Tag: York Street

Vincent Tydeman Profile Photo

Vincent Ariel Tydeman

VINCENT ARIEL TYDEMAN was born in New Jersey on August 24, 1883 to Edmund and Sarah Tydeman, who had come to America from England in 1878 with their nine children.

Joseph Alcorn Anecdote

My father, Joseph A. Alcorn, had a used car dealership on the corner of 15th andĀ Federal Streets. He started the business with Skip Gardner as his partner in the late 40’s and bought Skip out during that same period. Alcorn Motor Sales was a vibrant business. I recall visiting Art Sharp and Bill Mason as dad bought and sold cars from and for them as well as the automobiles on his lot.

Camden builders do not seem to be deterred by the fear of financial panic or an idea that the McKinley bill presages disaster in business. New operations are in progress, and several extensive ones are contemplated early in the coming year.

New Buildings Going Up

Camden builders do not seem to be deterred by the fear of financial panic or an idea that the McKinley bill presages disaster in business. New operations are in progress, and several extensive ones are contemplated early in the coming year.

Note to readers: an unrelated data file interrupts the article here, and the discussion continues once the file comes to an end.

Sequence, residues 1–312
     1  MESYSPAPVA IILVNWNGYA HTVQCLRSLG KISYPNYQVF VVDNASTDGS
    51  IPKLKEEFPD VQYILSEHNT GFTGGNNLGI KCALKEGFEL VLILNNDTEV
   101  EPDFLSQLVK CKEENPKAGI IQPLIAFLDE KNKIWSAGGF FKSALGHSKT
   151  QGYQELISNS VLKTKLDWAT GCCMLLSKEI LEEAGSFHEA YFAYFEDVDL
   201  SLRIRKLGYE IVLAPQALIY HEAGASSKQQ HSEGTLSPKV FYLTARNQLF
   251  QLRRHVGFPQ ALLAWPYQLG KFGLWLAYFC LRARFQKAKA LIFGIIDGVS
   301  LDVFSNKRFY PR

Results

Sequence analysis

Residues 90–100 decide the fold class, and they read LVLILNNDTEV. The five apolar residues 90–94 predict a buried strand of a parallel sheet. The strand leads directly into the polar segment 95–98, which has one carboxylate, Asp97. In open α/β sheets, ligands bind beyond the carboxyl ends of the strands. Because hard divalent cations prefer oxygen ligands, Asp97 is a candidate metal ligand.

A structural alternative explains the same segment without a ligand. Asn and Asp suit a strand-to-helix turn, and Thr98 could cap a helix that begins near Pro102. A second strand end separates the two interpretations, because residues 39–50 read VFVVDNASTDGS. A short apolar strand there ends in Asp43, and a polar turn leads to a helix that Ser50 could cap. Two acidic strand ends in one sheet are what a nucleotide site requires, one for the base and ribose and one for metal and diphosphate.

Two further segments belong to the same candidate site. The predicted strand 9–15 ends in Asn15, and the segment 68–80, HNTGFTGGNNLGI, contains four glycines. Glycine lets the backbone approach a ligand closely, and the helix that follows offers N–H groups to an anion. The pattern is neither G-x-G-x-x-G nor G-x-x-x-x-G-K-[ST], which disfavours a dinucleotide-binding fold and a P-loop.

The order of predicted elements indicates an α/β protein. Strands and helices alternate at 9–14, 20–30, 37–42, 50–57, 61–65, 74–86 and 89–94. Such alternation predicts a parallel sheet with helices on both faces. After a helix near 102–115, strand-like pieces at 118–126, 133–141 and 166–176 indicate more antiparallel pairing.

Photo taken 5-20-1871 in front of the Friendship Engine & Hose Company No.1 of Chambersburg, PA. The steam engine on the right has just arrived after being purchased from Millville, N.J. This apparatus was originally purchased by the Independence Fire Company No.3 of Camden in June 1864. It was a class two Amoskeag steamer bearing serial No. 92. Independence sold the apparatus to Millville in 1869.

Inception of the First Paid Fire Department in the US

On June 7, 1866 Camden’s City Council enacted an ordinance reorganizing the volunteer fire service to improve efficiency in operations. This ordinance provided for increased compensation to the fire companies (Weccacoe and Independence got $800 per annum to be paid quarterly, the Weccacoe and Shiffler Hose companies and the United States Fire Company received $200 annually). The volunteer fire companies were also directed to select a Chief Fire Marshal and three Assistant Marshals, one fromĀ each district. The selections were subject to approval by Council. The new department was called “The Fire Department of the City of Camden”. In protest of this ordinance the New Jersey Fire Company No.4 withdrew from the new, organized volunteer department.